Review: Eternity

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EternityEternity is a beautiful card game about planting sacred trees to keep the balance between Sky, Earth and Sea. Don’t let its beauty or serene goal deceive you, however, keeping the balance in this trick-taking game is no easy task when others are trying to do the same.

 

What is Eternity like?

Each player gets a hand of cards divided evenly, and they need to use those in a clever way to win tricks (a trick, simply explained, is one card from each player each round). To win a trick, they need to play a higher card of the same suit (Sky / Earth / Sea). If they cannot, they must play a trump card; the trump suit is determined by the strength of the trees. More on that later. The winner takes all cards, which together make a peninsula.

The alternative to playing the trick is pledging to plant a tree, which uses up a card but does not include it in the trick. This gives an amount of tree tokens to the player equal to those shown on the card. The trees can be immediately (at any point) placed on an empty peninsula, one per peninsula. There is a limit of pledges depending on players.

Peninsulas with trees on them give points, and players get extra points, a harmony bonus, if they have the exact same amount of trees as peninsulas.

One last thing to explain: regardless of the amount of players, there will always be two extra cards when dealing. Those are set up on the central board and determine the initial trump. The suit with more cards on it is the trump. If there is a tie, Sky beats Sea and Earth, Sea beats Earth. The trump will always be changing, as any card pledged will go to the center at the end of the turn and upset the balance.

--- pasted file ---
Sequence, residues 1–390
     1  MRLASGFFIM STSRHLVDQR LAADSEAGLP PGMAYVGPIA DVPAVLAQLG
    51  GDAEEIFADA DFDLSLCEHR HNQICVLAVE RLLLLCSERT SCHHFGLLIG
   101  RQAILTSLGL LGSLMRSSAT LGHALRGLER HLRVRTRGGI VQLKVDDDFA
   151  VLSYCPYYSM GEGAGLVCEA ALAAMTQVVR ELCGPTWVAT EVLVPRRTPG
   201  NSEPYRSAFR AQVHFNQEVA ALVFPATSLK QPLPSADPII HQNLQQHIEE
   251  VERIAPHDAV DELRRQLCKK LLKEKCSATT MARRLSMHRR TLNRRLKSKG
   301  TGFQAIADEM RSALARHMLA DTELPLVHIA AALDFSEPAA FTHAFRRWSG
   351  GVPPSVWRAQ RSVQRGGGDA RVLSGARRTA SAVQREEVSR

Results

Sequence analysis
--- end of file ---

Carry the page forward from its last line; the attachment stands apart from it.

Rating

4 / 6

Eternity captures the essence of traditional trick taking card games, the ones you play with a standard deck, and pushes the tension to its limit, creating an engaging, complex gameplay.

A lot of strategy and planning goes into every move, which is not everyone’s cup of tea. Those who enjoy it, like I do, are in for a treat.

The theme and art are gorgeous and add quite a bit to the experience.

In summary: beautiful art for an intense trick taking experience

 

The Good

  • Intense, while drawing on traditional card games
  • Gorgeous

 

The Bad

  • Can be too intense in terms of planning for some

 

Complexity Level

Complexity Level 3

While there are many rules to the game it plays very smoothly and is not that complicated. It’s very easy to explain and understand.

 

Facts

  • Players: 3 – 5 (4+ better)
  • Playing time: 45 min
  • Suggested age: 10+

 

Follow Marc 'Qiadris' Garzon:

Marc is a 20-something(-something) driven by stories, in any format: books, games, movies, scribbles on a napkin,... you name it! He prefers bluffing/deception games, but will play anything, really.

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